The Fabric of Family and the Quilt of Community

Photo by cottonbro on

When I was in Grade 12, as part of a history project, I invited my Uncle Jack to come speak to my class. I don’t remember exactly what the assignment was about, but there was some aspect of the mosaic style of immigration in Canada. What I do remember is that he said that our family wasn’t Italian. We weren’t Italian-Canadians. He said we are Canadian-Italians, because the Canadian part comes first. That was 30+ years ago, but after that, for the rest of his life, I was more aware that he wore a maple leaf and a poppy on his coat – all 4 seasons, all year, every year he was steadfastly, devotedly, Canadian.

My uncle immigrated when he was very young. He came to Canada across the Atlantic during WW1 with his mother and siblings (including my 8 year old grandmother). They learned to speak English, and other than in the fading years of my Grandfathers life, when he reverted to a Italo-English patois, they spoke English at home. Sure, there were fun colloquialisms in Italian, but they were English speaking Canadian-Italian immigrants. I recall rabidly patriotic Canada day celebrations, with salmon from the west and lobster from the east because they loved their adoptive country.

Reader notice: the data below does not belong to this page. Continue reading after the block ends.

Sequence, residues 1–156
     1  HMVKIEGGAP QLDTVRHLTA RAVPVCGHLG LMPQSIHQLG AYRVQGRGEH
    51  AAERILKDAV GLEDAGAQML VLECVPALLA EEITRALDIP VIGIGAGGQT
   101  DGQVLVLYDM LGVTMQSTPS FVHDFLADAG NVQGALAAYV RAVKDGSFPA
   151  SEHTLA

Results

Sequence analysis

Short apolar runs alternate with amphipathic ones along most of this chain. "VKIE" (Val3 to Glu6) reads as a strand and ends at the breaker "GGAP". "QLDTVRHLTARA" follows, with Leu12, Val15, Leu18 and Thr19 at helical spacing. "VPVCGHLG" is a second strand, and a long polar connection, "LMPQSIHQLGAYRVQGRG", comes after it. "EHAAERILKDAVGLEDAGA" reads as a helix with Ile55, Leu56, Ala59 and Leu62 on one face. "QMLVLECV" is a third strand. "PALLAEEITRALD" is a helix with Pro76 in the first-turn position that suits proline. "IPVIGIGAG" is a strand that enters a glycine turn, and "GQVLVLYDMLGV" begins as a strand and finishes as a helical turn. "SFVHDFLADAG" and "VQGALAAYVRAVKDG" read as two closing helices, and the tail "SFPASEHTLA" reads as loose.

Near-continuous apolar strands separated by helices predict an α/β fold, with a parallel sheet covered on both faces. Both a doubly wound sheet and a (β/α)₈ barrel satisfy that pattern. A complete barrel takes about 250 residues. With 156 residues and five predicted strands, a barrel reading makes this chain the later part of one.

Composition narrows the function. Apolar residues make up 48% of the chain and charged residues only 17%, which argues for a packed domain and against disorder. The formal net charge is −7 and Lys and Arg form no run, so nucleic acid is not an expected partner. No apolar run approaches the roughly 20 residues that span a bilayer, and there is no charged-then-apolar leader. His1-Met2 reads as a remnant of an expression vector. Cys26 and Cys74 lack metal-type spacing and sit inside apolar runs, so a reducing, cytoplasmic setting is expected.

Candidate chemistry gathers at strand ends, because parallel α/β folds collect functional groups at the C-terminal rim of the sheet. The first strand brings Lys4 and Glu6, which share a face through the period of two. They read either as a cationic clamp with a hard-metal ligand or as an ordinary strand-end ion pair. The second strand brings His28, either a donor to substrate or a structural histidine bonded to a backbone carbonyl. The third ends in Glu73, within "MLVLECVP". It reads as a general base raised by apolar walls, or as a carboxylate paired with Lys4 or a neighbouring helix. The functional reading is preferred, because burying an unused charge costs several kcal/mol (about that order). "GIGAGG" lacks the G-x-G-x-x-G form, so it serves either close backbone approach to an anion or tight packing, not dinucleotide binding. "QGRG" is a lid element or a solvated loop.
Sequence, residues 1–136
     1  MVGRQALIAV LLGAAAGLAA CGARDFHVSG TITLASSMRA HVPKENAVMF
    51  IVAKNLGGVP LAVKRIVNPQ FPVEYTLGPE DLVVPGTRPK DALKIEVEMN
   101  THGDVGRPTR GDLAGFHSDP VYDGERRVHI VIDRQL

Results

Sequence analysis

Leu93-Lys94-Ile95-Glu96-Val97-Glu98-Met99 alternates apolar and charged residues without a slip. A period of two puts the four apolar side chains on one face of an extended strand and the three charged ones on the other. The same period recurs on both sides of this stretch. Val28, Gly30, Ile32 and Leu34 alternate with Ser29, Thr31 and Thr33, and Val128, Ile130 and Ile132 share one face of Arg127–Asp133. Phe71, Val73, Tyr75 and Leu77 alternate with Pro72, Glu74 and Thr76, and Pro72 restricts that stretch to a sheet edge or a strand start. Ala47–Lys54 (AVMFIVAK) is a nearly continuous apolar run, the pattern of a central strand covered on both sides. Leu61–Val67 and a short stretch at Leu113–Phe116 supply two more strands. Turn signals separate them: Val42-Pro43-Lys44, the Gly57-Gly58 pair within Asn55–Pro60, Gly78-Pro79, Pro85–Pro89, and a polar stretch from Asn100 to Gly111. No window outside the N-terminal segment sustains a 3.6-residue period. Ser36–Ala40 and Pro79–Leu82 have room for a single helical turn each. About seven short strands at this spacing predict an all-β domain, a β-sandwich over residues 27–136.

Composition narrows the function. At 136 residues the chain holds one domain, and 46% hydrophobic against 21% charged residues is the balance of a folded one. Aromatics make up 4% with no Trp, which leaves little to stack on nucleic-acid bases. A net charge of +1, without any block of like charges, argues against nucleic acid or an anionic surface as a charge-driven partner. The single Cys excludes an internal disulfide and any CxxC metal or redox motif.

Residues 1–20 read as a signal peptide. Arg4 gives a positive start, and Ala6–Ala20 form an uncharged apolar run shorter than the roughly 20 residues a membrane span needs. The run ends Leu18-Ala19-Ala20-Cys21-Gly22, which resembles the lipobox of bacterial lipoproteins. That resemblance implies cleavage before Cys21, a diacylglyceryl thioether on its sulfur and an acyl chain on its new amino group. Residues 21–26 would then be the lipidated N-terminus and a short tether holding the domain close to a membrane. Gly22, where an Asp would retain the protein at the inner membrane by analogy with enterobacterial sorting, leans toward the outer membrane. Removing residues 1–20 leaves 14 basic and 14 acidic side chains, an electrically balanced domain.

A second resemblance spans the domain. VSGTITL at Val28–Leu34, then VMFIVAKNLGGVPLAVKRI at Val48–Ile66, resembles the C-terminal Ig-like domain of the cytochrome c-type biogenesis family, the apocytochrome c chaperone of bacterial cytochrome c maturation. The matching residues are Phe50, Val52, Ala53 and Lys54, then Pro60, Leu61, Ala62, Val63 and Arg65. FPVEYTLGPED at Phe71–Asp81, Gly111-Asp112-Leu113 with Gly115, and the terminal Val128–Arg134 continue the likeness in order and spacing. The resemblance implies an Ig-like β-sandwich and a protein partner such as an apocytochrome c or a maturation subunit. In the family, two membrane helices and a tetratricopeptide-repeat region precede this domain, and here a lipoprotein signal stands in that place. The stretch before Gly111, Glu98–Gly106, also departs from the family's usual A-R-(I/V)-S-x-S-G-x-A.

And this, after that dark period when their country didn’t love them quite so much.

During WWII, my grandparents and thousands of other Canadian-Italians were labelled enemies of Canada. They were watched by paranoid neighbours and a fearful government, and 80 years ago, some of them were pulled out of their workplaces and their homes, no longer welcome in their communities. Try to imagine – You’re 38, you’ve worked your tail off for years to build a business, to serve your community, to help friends of a similar heritage to celebrate the best parts of your culture. And then, the RCMP show up and drag you off because … what? Nothing. Because someone’s gossip and ill will made the country you love turn against you. You are no longer welcome.

A decade after my Uncle came to speak to my class, there was a exhibition about the Italian-Canadian experience at the Museum of Civilization. My whole family wanted to go, so we packed up for a day at the museum. I remember looking across the exhibit and seeing my dad point to a small placard. It was a tiny note about how 600 nameless, faceless Italian-Canadians were interned during WWII, without charges, without cause, and no government had apologized to the detainees in the (then) 60 years since. I knew he was looking for this to be there because my grandfather was one of the interned. A few years later, when I was in the Canadian National War Museum, the WW2 exhibit had a similar little square of text, calling it a dark time. Indeed.